Preparing To Work With A Web Designer

‘Tis the season to redesign your website.

Quite often when I’m about to start working with a web design client, they say “I’m really nervous” and it always takes me a little bit by surprise.

As creative business owners, we assume people know that OF COURSE we have a process that we follow every time and that’s how we get consistent results. ðŸ¤·â€â™€ï¸

I think with any kind of visual design it can feel like you’re taking a punt on whether or not your designer ‘gets your vibe’.

🖥️ Luckily with web design, the fundamental building blocks of every project are the same, which means there are definitely things you can prepare to give us a greater chance of success together.

Prepare A Mood Board

Time to legitimately spend a load of time on Pinterest. Put together a mood board, covering fundamentals like colour, shape, pattern, fonts, sample images and layout ideas.

Every designer will have their own mood board process, and they might ask you to categorise it in a certain way, but you having a clear overall vision helps us connect with you. If you would like some more detailed guidance, check out this blog post from our good friends over at The Design Space.

Create a Brand Guide

If you have an existing brand (or logos, colours and fonts), your designer will love you if you compile a brand guide showing how you use your brand elements. Include your fonts and how they work together and your colour references. If you have them, make sure you supply your logo files in vector format (that’s EPS or Adobe Illustrator files).

Want to swipe our Canva Brand Guide template? Take a copy right here.

Prepare Your Copy

Make sure your copy and content is ready to go. Don’t wing it. I know it’s tempting to say ‘Let’s just use what I’ve got already and I’ll improve it a bit as we go along’. But the reality is that your designer is looking to create the absolute best layout they can for you and they can only do that if they know exactly what they are dealing with.

If you are working with a theme or layouts from StyleCloud, they are incredibly easy to customise by adding sections from the cloud but do plan ahead so that you know roughly what is going to where and if you have any new copy to add into the mix.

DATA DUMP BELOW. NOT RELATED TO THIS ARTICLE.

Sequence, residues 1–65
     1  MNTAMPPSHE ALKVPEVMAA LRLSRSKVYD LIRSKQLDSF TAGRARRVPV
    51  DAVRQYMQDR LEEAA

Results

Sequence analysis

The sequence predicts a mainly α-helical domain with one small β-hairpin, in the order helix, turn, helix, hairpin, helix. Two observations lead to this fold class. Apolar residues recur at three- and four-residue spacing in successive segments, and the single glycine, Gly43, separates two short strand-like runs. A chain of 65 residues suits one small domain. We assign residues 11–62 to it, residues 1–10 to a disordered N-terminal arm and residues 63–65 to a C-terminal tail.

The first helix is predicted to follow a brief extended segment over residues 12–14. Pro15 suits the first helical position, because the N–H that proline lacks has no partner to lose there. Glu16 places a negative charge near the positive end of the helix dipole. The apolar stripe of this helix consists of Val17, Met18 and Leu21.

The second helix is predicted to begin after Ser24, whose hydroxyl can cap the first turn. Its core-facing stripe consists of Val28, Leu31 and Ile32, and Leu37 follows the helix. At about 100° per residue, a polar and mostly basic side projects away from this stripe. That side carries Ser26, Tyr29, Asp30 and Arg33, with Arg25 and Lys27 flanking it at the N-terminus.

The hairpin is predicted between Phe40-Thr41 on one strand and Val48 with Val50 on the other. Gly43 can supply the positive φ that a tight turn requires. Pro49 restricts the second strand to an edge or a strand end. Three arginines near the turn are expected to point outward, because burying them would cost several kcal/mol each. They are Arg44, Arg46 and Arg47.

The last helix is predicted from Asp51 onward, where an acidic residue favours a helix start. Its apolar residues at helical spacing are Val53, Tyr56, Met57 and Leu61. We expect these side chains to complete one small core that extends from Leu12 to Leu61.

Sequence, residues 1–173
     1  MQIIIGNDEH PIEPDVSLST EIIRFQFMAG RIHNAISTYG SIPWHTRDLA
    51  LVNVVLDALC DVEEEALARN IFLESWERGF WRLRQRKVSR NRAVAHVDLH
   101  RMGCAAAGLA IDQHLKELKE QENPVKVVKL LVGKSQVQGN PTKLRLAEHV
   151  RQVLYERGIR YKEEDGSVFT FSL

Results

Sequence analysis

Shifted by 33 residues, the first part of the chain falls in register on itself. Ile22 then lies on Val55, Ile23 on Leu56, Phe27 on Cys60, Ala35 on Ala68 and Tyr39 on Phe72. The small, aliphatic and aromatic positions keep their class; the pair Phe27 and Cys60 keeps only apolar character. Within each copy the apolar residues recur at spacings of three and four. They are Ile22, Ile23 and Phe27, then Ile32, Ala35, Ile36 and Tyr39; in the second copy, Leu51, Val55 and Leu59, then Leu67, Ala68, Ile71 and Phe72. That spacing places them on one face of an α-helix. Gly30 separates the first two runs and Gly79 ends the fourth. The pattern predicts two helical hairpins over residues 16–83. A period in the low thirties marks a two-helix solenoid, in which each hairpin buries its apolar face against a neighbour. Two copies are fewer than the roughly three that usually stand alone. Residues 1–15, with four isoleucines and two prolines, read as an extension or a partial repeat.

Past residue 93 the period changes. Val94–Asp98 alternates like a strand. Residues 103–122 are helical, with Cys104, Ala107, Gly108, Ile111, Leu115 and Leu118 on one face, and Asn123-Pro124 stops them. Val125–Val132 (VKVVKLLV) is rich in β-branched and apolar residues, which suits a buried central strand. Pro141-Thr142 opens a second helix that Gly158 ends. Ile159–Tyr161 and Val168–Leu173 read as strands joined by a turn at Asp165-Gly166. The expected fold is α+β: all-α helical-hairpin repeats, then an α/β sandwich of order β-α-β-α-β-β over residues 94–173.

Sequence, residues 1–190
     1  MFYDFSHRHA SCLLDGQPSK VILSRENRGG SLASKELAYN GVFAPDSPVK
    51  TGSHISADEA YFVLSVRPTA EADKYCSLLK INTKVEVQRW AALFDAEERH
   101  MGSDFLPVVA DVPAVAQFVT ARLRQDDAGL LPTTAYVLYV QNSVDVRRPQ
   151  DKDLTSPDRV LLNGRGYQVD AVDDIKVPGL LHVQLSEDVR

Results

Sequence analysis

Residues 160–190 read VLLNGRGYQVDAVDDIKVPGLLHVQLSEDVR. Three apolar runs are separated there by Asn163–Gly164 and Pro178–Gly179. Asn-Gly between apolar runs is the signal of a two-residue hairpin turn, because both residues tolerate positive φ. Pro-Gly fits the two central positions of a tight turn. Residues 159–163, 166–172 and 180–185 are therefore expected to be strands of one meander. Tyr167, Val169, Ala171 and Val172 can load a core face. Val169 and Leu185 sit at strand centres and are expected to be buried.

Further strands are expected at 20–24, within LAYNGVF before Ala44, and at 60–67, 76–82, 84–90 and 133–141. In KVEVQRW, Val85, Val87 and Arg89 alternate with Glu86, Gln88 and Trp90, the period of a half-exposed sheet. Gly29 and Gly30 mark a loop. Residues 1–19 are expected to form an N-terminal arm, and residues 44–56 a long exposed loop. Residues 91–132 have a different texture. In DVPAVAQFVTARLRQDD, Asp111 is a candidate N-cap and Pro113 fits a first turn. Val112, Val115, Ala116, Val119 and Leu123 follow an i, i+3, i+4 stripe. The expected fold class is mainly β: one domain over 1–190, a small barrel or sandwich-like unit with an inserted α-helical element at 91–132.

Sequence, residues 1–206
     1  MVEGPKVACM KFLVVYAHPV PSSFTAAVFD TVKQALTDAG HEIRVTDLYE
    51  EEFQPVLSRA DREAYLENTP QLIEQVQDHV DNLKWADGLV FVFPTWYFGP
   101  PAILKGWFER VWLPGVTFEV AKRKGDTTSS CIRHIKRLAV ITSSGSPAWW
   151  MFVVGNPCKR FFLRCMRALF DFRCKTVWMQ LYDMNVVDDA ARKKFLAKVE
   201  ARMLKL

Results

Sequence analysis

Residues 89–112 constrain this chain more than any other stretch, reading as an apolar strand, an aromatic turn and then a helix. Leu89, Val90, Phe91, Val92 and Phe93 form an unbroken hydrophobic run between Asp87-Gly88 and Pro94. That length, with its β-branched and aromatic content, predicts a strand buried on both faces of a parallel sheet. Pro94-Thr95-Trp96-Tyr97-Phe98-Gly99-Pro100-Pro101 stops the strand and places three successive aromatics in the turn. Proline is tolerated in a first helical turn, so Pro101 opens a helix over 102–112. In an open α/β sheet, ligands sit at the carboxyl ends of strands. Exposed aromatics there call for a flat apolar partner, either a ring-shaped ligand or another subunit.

Designing around placeholder text and then having to shoehorn in the actual copy later on is frustrating for everyone. Creating a design around the copy you have is going to get you a much better result.

Plan Your Navigation

If you are thinking of making any changes, use a mind mapping tool or just a pen and paper to plan out your navigation. Make sure that any key home page calls-to-action are represented in your menu. In particular, think about returning visitors who are ready to make a final decision and book. Can they easily find your portfolio and contact details?

Prepare a Wireframe of your Home Page

This might be controversial because many designers prefer to create a ‘wireframe’ or rough sketch of your home page themselves. I am not one of them and I love it when clients do this. It helps me get a sense of what is truly important to them. Even making a rough sketch with pen and paper first will help your home page flow. More importantly, it will help you work out whether you need to add or take away sections from the home page template you are working with.

Nearly all of our StyleCloud layouts follow the same formula, so if you’re looking for the key sections you need to include, here are our recommendations.

  1. Hero image with strapline or postioning statement above the fold (ie. what you can see when the site loads without scrolling)
  2. Introduce yourself and your business
  3. Signpost your portfolio
  4. Summarise your process / USP
  5. Showcase a testimonial
  6. Latest posts
  7. Email optin for a lead magnet
  8. Footer
Notebook Beside the Iphone on Table

Plan Your Visitor Journey